Micro-Servo don't work when using 7.4V Battery + diodes

Hi, i have a 7.4V LiPO battery (5000mah), some Towerpro SG90 micro-servos and eight 6A10 diodes. If i attach the servo directly in the 5V out of arduino, it works, but i need to poweer it up with the battery, so ihad to decrease the voltage to 5V, i did it with seven 6A10 diodes, now the voltage is 5.2V, just like arduino, but when i connect the servo it dont work! It just kinda vibrates a little, but dont work at all... What can be happening?

Perhaps the supply isn't stiff enough? 7 diodes in series is going to be a pretty soggy voltage source. Try just 1, most servos will run from 7.2V.

[ just looked up the datasheet, those diodes drop 0.8V at an amp or so, so 7 of them will drop over 5V. Use just one or two ]

MarkT: Perhaps the supply isn't stiff enough? 7 diodes in series is going to be a pretty soggy voltage source. Try just 1, most servos will run from 7.2V.

[ just looked up the datasheet, those diodes drop 0.8V at an amp or so, so 7 of them will drop over 5V. Use just one or two ]

Really? Why then when i test with my multimeter, it only decreases 0.3V~0,4V for each diode? And by the way, i have tried with one, two, three... until seven diodes, and it did not work in any way, the servo just move a little then stops.

what are these diodes made of ?

michinyon:
what are these diodes made of ?

Just to decrease the voltage from the battery (fully loaded = 8.4V, servos run at 6V max.)

Do you have the arduino and servo grounds still connected together like below?

Really? Why then when i test with my multimeter, it only decreases 0.3V~0,4V for each diode?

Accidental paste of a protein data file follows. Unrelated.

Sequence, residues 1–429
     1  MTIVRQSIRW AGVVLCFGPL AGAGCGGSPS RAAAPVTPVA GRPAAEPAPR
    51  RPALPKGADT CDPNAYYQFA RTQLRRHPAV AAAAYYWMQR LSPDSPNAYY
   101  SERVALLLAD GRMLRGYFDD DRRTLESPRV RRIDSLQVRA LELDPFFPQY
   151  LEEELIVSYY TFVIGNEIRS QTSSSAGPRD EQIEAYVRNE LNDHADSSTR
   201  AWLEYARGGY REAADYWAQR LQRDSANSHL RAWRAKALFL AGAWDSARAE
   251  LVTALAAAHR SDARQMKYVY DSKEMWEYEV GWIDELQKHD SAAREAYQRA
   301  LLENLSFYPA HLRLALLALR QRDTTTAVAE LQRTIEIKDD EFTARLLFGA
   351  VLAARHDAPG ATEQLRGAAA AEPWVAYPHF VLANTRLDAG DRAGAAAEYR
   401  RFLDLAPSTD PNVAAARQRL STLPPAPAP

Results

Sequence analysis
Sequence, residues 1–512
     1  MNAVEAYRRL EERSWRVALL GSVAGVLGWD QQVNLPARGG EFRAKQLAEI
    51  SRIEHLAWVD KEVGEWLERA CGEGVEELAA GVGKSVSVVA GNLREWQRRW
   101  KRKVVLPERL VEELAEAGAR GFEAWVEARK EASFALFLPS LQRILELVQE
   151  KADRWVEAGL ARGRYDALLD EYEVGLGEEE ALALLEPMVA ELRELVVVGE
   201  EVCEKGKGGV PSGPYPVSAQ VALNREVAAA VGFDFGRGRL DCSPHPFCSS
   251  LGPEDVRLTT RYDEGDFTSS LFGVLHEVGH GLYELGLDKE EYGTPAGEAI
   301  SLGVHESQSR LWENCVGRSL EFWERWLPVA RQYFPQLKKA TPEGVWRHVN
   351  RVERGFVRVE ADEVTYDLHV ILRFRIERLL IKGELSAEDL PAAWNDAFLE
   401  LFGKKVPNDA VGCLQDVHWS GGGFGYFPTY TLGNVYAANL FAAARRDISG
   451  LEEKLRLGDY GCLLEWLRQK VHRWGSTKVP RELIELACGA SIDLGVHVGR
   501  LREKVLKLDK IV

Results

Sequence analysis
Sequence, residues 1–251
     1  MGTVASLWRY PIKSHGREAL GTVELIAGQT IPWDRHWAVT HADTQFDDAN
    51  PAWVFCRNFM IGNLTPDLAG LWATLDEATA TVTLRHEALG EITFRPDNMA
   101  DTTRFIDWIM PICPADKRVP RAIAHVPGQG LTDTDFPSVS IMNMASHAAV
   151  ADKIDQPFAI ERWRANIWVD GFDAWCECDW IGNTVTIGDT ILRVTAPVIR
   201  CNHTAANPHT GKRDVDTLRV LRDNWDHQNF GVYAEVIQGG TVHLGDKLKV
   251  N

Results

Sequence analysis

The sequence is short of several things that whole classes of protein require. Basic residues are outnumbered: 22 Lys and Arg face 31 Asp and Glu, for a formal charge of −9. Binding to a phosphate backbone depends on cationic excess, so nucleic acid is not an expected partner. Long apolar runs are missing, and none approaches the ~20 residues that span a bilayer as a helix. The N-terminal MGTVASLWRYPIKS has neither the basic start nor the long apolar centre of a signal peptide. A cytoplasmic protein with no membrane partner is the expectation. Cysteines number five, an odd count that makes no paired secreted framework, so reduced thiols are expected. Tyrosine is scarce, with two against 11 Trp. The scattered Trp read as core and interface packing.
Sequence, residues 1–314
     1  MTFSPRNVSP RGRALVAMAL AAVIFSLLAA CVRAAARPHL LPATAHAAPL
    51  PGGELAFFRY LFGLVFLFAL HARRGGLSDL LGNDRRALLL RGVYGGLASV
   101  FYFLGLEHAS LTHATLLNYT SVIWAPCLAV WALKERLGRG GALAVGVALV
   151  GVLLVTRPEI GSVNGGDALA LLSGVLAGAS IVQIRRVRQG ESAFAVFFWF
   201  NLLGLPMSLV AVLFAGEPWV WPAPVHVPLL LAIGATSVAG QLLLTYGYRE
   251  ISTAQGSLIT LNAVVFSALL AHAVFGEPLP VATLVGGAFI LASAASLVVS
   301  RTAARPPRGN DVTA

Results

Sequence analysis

The voltage drop across a diode depends on the current through it (logarithmically) so the relevant measurement would be with the servo(s) straining against a load. MarkT is right, just use one or two of those diodes.

Why don't you just get a 7806 regulator.....

zoomkat: Do you have the arduino and servo grounds still connected together like below?

This is my schematics:

jremington:

Really? Why then when i test with my multimeter, it only decreases 0.3V~0,4V for each diode?

The voltage drop across a diode depends on the current through it (logarithmically) so the relevant measurement would be with the servo(s) straining against a load. MarkT is right, just use one or two of those diodes.

Im gonna use 12 servos, so the current will increase (for testing i used only one servo)

JimboZA: Why don't you just get a 7806 regulator.....

I will use 12 servos, so the current will be higher than 1A (it's going to be about 4A)

This is my schematics:

Bad! the servos won't work (and possibly damaged) unless you have a common ground between the battery ground and the arduino ground. Connect the grounds together and only use two diodes.

mateusviccari:

MarkT:
Perhaps the supply isn’t stiff enough? 7 diodes in series is going to be a pretty
soggy voltage source. Try just 1, most servos will run from 7.2V.

[ just looked up the datasheet, those diodes drop 0.8V at an amp or so, so
7 of them will drop over 5V. Use just one or two ]

Really? Why then when i test with my multimeter, it only decreases 0.3V~0,4V for each diode?
And by the way, i have tried with one, two, three… until seven diodes, and it did not work in any way, the servo just move a little then stops.

The voltage drop depends on the current drawn - your multimeter draws a few fractions
of a microamp, at that current level a diode will drop much less than at its nominal rating.

Have you measured the actual voltage across the servo as you try to operate it?

If it drops a lot the batteries are dead, if not then the servo may be dead.

Voltage drop across a diode is not current dependent, the drop will remain constant until you physically destroy it via to much current. Its just silicon with opposing charges, this creates a voltage barrier, non conducting below its rating but once you have enough voltage to get past it, it will never change, and it has no measurable resistance inside, thus has no current limiting.

If you only measure 0.3-0.4V drop then its probably germanium diode.

Connecting the grounds will solve the issue almost certainly.

I will use 12 servos, so the current will be higher than 1A (it's going to be about 4A)